As a broker in beverly hills, I've assisted 2 of my top real estate investors purchase homes from the trustee sales over the past 24 month. It's definitely can be time consuming but rewarding at the same time. You MUST do you homework on the property and make sure that you do not purchase the 2nd, 3rd, or 4th as I still see people doing at the auction. Definitely make sure that you are purchasing a clean title with no additional liens or judgements. Contact a real estate attorney to assist you with legal matters. Attorneys will be your best friend because of some of the legalities that come with buying a property at the auction. Investors are becoming very competitive and at times driving the prices beyond the actual market value. Let me know if you have any other questions. You may visit me at my website below.
0 votes
inna ivchenko, Agent, Calabasas, CA
Thu Nov 26, 2009
My suggestion: go to trustee sales not once, but many times to understand more how it works( if!! u do want to do it by yourself ( btw an auction and trustee sale r not necessary the same, call me if u have question, u have my #) also, use websites like Foreclosure Radar for data and info . Such articles like this bring value:

In general:
In a non-recourse mortgage state, borrowers are not held personally liable for more than the home’s value at the time that the loan is repaid. The lender may recoup some of its loss through foreclosure. However, the lender may not sue the borrower for additional funds. If the foreclosure sale does not generate enough money to satisfy the loan, the lender must accept the loss.
Each non-recourse state has its own anti-deficiency statutes that prohibit lenders from seeking judgments. In a few cases, anti-deficiency statues do allow lenders to collect a limited amount of money from the borrower (such as the difference between the debt and the fair market value of the property).

Note that in some states (our California is one of them) non-recourse laws apply only to “purchase money” loans (i.e. original home loans that are used to purchase property).

Anti-Deficiency / Non-Recourse States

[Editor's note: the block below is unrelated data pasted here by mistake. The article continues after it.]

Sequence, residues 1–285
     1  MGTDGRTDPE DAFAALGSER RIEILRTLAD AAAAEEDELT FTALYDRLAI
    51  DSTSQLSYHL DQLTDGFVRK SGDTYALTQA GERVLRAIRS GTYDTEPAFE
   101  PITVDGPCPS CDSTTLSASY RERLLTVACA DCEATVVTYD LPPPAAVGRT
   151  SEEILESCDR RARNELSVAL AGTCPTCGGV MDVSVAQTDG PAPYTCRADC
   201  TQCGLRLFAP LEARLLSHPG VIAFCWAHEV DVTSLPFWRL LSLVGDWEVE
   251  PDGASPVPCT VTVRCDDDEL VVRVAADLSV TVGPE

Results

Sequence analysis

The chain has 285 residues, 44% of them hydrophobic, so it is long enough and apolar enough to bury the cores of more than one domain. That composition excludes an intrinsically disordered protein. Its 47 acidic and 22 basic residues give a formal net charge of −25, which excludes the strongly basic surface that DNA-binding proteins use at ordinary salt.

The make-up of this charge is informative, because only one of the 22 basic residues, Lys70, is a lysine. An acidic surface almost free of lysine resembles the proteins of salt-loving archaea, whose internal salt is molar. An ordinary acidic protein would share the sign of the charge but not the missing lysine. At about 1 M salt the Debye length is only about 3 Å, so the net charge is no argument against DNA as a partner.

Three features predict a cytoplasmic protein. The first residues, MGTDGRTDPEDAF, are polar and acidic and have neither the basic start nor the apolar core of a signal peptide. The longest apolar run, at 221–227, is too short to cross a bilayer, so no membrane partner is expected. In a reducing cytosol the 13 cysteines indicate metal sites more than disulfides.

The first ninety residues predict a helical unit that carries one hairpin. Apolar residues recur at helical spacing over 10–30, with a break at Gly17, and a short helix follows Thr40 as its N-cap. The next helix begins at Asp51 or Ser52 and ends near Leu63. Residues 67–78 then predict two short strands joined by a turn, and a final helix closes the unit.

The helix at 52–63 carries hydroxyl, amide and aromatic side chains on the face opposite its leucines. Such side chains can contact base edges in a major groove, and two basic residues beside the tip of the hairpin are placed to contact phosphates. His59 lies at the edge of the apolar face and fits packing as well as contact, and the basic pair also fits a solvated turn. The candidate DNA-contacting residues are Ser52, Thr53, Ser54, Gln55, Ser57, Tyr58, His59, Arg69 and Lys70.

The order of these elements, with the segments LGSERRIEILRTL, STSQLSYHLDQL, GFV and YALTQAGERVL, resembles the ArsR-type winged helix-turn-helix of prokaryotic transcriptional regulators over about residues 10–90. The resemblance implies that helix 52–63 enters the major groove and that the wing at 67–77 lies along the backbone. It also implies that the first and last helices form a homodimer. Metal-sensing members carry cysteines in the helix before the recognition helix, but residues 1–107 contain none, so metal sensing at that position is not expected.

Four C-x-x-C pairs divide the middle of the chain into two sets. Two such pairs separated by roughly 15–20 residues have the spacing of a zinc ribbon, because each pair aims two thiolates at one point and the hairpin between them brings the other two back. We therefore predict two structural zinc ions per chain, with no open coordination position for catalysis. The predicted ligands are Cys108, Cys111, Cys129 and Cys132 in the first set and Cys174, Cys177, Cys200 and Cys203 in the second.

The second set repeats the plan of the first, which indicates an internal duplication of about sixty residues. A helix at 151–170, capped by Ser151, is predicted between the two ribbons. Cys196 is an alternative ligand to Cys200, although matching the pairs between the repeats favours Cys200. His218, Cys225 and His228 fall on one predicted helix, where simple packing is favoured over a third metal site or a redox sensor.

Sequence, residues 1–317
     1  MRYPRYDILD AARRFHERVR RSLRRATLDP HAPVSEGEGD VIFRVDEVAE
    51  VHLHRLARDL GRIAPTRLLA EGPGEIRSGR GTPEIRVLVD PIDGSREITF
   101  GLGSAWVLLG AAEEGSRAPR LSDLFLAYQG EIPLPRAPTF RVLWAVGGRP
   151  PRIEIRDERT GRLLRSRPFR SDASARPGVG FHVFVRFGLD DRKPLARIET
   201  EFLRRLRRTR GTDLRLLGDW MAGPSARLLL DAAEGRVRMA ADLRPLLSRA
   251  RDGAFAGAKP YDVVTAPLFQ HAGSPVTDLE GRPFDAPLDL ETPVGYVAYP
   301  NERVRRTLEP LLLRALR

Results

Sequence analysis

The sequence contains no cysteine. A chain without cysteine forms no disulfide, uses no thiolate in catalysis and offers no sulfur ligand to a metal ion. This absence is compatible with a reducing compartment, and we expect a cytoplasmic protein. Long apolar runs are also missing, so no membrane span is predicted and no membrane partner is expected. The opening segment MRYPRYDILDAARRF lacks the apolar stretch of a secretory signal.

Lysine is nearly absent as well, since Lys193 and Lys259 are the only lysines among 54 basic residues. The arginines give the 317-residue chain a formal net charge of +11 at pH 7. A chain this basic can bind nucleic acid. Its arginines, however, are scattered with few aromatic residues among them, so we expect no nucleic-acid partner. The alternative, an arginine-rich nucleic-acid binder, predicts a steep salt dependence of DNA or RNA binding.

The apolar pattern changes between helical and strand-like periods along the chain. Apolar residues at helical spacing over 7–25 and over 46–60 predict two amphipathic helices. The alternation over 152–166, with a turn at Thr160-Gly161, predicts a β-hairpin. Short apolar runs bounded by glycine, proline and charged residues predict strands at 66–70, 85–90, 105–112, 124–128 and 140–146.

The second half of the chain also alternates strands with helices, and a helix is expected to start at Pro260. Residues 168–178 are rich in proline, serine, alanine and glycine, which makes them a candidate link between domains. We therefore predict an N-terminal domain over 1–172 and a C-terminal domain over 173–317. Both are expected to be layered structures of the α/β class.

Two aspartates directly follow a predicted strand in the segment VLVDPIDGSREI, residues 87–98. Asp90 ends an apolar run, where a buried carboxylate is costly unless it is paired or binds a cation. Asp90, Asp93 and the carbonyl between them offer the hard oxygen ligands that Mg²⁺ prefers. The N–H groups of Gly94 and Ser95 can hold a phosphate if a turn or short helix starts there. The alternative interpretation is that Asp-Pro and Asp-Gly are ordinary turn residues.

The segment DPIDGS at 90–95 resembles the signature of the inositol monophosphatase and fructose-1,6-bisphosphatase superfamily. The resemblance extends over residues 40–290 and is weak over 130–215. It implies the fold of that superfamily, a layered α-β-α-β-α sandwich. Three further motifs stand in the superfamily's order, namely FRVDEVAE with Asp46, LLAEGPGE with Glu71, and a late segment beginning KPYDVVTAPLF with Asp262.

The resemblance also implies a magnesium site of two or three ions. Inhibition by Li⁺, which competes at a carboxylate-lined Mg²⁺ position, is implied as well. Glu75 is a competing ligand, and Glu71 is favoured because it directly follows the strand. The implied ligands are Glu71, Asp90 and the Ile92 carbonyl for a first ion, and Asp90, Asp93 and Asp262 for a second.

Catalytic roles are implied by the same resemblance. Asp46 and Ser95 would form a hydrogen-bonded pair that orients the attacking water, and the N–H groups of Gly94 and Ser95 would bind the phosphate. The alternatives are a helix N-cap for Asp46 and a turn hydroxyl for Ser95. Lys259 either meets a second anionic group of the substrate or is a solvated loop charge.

North Carolina
North Dakota

Absolutely agree: u must talk to an attorney, but choose a good one:
''If you find yourself hopelessly confused by all of this, do not despair. The law on foreclosures in California are perplexing and counter-intuitive even to attorneys who specialize in real estate matters''William A. Markham.

Let me know if there is anything I can help.
0 votes
Ludwig Parsa…, Agent, Burbank, CA
Sun Nov 1, 2009
Hello Alameh,

It can be very rewarding and very dangerous at the same time. Properties in auction are selling “AS IS”, “Where IS” and “With All Faults”. No guaranties or warranties whatsoever.

There could be some hidden liens, mostly governmental and up to 120 days they can claim it and you will be solely responsible for it as an owner.

Other problem is, that the property could be still owner or tenant occupied and you are on your own to evict them. It could be easy eviction, could be problematic. However, better if you hire a lawyer to handle it for you, with all that forms and paperwork for eviction.
At the same time the upset former owner or tenant can smash up your property with jackhammers, flood intentionally and generally speaking vandalize the property. Or if it is empty for long time, is risky as well. It happens many times. Check the property before going to auction, if you can.

And the auction process in general is a sensitive process, all that biddings and so. Be careful not to overbid. Don’t show to anybody all your cashier checks, you don’t want your competition to know about your max. buying power ( your money I mean). Get checks with large and small amounts. Let say you are buying for $670K. You can have a check for $500k and few $100K and $50k and $25K.
Because if you got two $500K as an example, then you have to wait for several weeks to get the difference back from auctioneer.

Summarizing: if inexperienced, go there with an experienced friend or better with a professional real estate agent, experienced in auction sale.

Best Wishes.

Ludwig P.
(818) 281- 5889
E-Mail: Ludwigpk@yahoo.com
0 votes
Dorene Slavi…, Agent, Torrance, CA
Sun Nov 1, 2009
Dear Alameh,
The IRS takes first place in a situation like this and will be paid first, followed by Sr.loan and the remainder. Often some of the Jr. possition lenders do not get paid.
Web Reference:  http://www.doreneslavitz.com
0 votes